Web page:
It is no secret that we, the RagingBull traders, are big fans of tracking relative performance.
The reason is simple – relative performance may offer great insights into the internal supply and demand dynamics in a stock.
If used correctly, it may prove invaluable in determining what the market truly wants to buy or sell.
Let me show you exactly WHY it matters and HOW our very own Ben Sturgill uses it in his real-life trades.
The basic idea behind relative performance comes back to the fact that stocks tend to move together.
Obviously, there are exceptions, but if an external factor benefits or hurts one company in an industry, chances are good it will have a similar effect on other players.
If the economy is booming, most of the companies will do well – and likewise, if the economy is tanking, even the best and biggest will take a hit.
That’s why we care so much about sector and market moves.
And this is exactly where our attention turns to relative performance.
Relative Weakness or Strength
When talking about relative performance, we, traders, really love to find abnormalities.
We want to see something truly act out – be a lot stronger than the market/sector or a lot weaker.
Here’s why it’s important: imagine we have a strong market and a strong industry, but one stock is really lagging behind and can’t catch a bid.
What does that tell you?
The sum of market participants clearly thinks this particular stock is not worth a buy – and the market usually knows best!
If in a greedily strong environment, one name fails at every turn, there has to be a reason for it and the market knows it!
When a stock can’t get bought up in a bull market, can you imagine what will happen to it when bears step in?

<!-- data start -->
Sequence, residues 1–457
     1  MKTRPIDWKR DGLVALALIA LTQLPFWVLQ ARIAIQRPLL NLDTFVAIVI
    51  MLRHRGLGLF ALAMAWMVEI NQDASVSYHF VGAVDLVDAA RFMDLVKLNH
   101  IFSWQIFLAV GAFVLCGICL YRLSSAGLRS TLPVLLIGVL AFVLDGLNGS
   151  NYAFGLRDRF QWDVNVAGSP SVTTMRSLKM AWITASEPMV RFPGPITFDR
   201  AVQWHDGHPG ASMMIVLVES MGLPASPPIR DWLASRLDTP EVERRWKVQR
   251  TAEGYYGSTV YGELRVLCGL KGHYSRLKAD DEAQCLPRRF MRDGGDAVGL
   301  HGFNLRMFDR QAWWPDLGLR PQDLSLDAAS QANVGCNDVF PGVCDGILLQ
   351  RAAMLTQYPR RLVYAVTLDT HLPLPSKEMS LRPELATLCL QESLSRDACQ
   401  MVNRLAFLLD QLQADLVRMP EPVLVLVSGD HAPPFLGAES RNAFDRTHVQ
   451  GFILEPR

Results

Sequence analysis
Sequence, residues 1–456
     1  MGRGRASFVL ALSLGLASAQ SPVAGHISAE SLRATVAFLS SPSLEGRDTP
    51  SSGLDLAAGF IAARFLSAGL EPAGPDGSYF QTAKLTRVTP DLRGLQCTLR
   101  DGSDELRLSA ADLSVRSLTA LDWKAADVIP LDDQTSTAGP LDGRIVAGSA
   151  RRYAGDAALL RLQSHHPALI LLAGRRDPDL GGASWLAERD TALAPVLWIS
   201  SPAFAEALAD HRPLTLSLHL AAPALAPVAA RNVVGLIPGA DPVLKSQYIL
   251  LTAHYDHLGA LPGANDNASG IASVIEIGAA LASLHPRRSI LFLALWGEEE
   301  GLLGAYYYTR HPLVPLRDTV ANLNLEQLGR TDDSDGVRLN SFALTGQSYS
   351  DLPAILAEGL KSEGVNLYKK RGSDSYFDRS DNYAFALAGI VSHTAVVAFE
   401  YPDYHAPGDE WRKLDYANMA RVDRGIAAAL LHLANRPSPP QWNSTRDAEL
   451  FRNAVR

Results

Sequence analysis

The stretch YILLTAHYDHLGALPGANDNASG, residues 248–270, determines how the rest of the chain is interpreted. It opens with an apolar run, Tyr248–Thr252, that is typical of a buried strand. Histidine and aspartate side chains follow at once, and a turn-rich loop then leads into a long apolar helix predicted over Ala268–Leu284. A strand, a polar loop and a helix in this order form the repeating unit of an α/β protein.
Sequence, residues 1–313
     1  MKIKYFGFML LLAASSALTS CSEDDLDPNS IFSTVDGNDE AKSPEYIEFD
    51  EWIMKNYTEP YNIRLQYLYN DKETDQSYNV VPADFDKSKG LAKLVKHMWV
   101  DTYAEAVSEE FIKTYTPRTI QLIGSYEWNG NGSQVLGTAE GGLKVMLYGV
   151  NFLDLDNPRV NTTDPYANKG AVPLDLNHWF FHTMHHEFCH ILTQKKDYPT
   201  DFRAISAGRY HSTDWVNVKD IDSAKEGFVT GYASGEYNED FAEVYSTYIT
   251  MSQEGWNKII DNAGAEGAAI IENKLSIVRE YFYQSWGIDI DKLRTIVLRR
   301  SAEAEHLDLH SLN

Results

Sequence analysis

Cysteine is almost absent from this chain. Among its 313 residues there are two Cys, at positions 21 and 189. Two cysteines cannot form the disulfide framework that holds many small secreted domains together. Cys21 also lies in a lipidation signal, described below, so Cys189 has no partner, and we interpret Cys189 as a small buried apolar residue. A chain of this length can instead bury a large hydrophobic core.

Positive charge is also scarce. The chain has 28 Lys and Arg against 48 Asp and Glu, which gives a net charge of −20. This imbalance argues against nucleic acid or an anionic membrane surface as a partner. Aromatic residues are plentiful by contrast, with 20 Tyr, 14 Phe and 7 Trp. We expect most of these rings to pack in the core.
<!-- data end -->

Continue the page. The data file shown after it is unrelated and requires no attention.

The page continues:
The same is true on the other side of the spectrum – and this is exactly what Ben Sturgill saw earlier this week.
Ben’s INTC Trade
As I’ve pointed out on a number of occasions, the SPY has been particularly wild over the past few days. Just look at the mess it made yesterday morning:
So yesterday, right in the middle of this morning bloodbath, Ben noticed one stock that was moving completely against the market… and it was Intel (INTC):
You can see what I mean, right?
In the middle of a multi-day SPY meltdown, INTC, a very market-correlated stock, is holding up and actually advancing higher.
That day, the company announced that it lured Micron Executive VP and appointed him as Intel’s new CFO.
Is that enough to push the stock higher? The market surely thought so. And who is Ben to disagree with the market?
He decided to join in on the fun – here’s the email alert Ben sent out:
And here’s how Ben’s trade fared:
Neither Ben nor myself would ever advise you to build an entire strategy around one indicator or data point.
But, as the INTC trade above clearly shows, relative performance can be a very powerful tool when applied to specific market situations.